So, the amendment guaranteed former sla their freedom and from there their lives were changed. They would never be forced back into bondage; these affected the lives of freedmen because from then on they were free and were not to be pushed against their will back into captivity. The Fourteenth Amendment guaranteed the former slaves equal rights, and the amendment was sent out so that the states could ratify the amendment (from the Reconstruction Act of 1867 the ratification of the 14th Amendment was needed along with the state’s new constitution).
This 14th Amendment made is so that every freed person had equal rights, rights they could not be stripped of. The Fifteenth Amendment made it so that all citizens had the equal opportunity to vote and were not denied just because of their race. From there African Americans could not be stopped from voting because of their race, but soon Jim Crow Laws and disenfranchisement soon prevented African Americans from voting. African Americans and Caucasians became further divided with segregation, you see that in public places blacks were assigned to one area while whites to another.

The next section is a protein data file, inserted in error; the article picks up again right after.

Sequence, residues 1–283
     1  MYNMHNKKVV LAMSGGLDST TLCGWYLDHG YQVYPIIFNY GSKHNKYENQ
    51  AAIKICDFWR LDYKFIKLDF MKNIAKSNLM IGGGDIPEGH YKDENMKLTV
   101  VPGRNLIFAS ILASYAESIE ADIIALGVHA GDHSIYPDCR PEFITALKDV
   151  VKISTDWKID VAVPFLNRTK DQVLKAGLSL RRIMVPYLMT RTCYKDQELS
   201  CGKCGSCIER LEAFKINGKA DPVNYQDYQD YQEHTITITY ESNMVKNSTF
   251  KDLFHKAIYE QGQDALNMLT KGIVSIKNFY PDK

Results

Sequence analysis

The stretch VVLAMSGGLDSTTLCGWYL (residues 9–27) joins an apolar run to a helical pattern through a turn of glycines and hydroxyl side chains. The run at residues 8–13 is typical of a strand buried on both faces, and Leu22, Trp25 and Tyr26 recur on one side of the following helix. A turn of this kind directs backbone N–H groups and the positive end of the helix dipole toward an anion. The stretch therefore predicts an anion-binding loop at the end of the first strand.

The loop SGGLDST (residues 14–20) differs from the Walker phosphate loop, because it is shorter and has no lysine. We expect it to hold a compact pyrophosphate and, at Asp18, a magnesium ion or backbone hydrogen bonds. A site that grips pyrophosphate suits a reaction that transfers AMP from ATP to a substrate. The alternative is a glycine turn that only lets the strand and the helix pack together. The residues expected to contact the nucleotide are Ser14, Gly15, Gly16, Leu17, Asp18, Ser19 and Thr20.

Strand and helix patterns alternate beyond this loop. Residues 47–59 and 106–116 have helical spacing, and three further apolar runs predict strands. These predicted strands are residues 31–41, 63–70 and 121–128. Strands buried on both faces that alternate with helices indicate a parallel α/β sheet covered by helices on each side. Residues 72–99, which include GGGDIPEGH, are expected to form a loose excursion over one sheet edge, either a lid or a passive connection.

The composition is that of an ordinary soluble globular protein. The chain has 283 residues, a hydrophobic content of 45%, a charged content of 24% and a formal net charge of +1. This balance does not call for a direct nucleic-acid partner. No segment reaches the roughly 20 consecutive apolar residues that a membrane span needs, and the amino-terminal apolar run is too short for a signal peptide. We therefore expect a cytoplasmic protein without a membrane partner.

The idea of even though they were separated, they were still getting equal treatment was used, but the idea was a lie that was used to uphold segregation. The case of Plessy v. Ferguson (a example of how segregation went against the idea of equal rights that was pushed out for all citizens), was a major case that first started when a man named Homer Plessy went to board a car that was strictly for whites and he was arrested since, it was supposed to be that whites and blacks were separated but it was considered “equal”. So, in the case Plessy v.
Ferguson in April 1896, “the state of Louisiana argued that the law was necessary to avoid the “danger of friction from too intimate contact” between the races. In separate cars, all citizens enjoyed equal privileges. Plessy’s lawyer, Albion Tourgee, replied that the question was not ‘the equality of the privileges enjoyed, but the right of the state to label one citizen as white and another as colored. ” (“Chapter 20: Industry and Empire. “) With this landmark case, it was ruled that the races could be separated, as long as everything was equal.
So, they segregated people on the grounds of the races being separate, but everything still “equal” or so they said. The Southern Government segregated African Americans by making them sit in separate cars (railroad), while traveling they were arranged in different areas, also they were made to use different public places, and etc. Segregation was even seen in the workplace. “Segregation was also enforced by terror. The threat of lynching poisoned relations between races, and African Americans learned that they could be tortured and killed for committing a crime, talking back, or simply looking the wrong way at a white woman.